The surly guard told me if I wanted to keep the water I had to take a sip of it in front of him before proceeding. The logic is bizarre – obviously to prove to him it didn’t contain any chemicals of a poisoning nature. Not the time to crack jokes, but I do wonder what would’ve happened if I doubled over, gasping and clutching my throat.

So, this has taken up another thirty minutes. Onwards and upwards to the consideration of food. Maybe after another cigarette.

Licence to Drive (me to distraction)

One of the things I need the most is a local driver’s licence. You’ll have noticed me whinging a lot about taxi drivers if you’ve been reading my drivel avidly. So in order to hire a car I need a local licence. (NB. I wouldn’t have needed one if I’d hired one before I got my residency)

I went to the RTA office in Deira City Centre, near work and picked up the form. Passport, photocopy of passport, certificate from eye test, 2 x passport photo, letter of no objection (NOC) from employer, form signed and stamped by employer, together with one’s home licence. Too easy.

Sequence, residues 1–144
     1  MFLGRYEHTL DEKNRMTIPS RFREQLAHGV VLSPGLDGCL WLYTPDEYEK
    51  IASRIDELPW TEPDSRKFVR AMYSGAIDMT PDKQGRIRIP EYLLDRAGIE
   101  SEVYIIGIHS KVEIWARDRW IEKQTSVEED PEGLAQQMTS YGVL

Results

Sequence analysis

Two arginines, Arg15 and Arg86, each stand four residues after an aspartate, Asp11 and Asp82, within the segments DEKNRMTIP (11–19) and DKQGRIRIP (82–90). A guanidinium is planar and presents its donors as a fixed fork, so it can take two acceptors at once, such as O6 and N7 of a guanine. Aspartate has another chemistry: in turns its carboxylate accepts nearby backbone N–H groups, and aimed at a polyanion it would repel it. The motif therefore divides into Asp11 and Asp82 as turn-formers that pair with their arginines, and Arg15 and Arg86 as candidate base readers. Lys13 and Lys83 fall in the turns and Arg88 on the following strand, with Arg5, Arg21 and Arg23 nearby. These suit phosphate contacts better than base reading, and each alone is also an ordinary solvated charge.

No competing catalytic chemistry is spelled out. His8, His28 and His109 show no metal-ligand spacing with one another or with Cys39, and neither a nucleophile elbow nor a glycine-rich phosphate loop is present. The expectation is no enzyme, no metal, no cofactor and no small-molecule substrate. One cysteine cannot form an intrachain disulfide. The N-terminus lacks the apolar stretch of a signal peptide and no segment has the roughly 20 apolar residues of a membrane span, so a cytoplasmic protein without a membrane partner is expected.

I return to the RTA with my neat bundle of papers and join the queue. A chuckle to myself as a man is turned away for not having a copy of his passport. I snigger when a woman is told she needs two photos, not one. I politely present my sheaf to the Emirati slouched behind the counter and he looks at each item.

He studies my licence, turns it over, turns t back again and asks where it is from. I tell him “The Northern Territory of Australia”. He says that he has seen many many licences, but never this one. I admit it is a small place but a territory – like an emirate – of Australia nonetheless.

He makes a call, rifles through lists in a cruddy plastic folder and tells me I need to go to a different office for this one, or come again another day between the hours of 10 and 3.

That was three days ago. I’ll work up the courage soon.

I’m official!

Well, well, well. After a week of feeling completely deflated by this place and all its crazy antics, I have scored a minor achievement. I’m now officially a resident. This is brilliant news because now I can do some very essential things like open a bank account, sign on to a rental lease and hire a car.

%d bloggers like this: